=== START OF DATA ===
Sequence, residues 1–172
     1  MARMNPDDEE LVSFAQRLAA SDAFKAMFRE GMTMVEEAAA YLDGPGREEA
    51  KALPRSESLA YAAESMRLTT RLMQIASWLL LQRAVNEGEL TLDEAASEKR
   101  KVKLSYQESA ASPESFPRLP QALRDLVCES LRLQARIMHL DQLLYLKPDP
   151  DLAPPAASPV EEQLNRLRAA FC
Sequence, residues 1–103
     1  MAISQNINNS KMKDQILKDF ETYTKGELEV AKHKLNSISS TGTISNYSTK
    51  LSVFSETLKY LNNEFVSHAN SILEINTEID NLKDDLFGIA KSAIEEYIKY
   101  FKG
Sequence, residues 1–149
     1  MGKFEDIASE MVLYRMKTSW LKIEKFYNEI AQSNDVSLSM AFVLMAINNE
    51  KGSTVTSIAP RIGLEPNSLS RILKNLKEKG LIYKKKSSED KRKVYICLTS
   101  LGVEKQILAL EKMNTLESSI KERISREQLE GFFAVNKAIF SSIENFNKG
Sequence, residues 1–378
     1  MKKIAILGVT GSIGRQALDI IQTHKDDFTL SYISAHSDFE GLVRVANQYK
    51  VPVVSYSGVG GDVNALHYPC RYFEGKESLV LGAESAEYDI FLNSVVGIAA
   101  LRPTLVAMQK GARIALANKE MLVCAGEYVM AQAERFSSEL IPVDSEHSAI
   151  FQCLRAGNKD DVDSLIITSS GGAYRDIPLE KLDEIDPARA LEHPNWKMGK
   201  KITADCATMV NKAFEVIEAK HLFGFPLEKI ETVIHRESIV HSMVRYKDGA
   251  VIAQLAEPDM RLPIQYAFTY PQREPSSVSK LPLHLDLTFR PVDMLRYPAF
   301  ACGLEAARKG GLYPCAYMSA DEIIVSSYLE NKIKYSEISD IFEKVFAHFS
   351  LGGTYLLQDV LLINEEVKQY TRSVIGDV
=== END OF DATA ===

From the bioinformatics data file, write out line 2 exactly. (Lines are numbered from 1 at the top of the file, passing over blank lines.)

     1  MARMNPDDEE LVSFAQRLAA SDAFKAMFRE GMTMVEEAAA YLDGPGREEA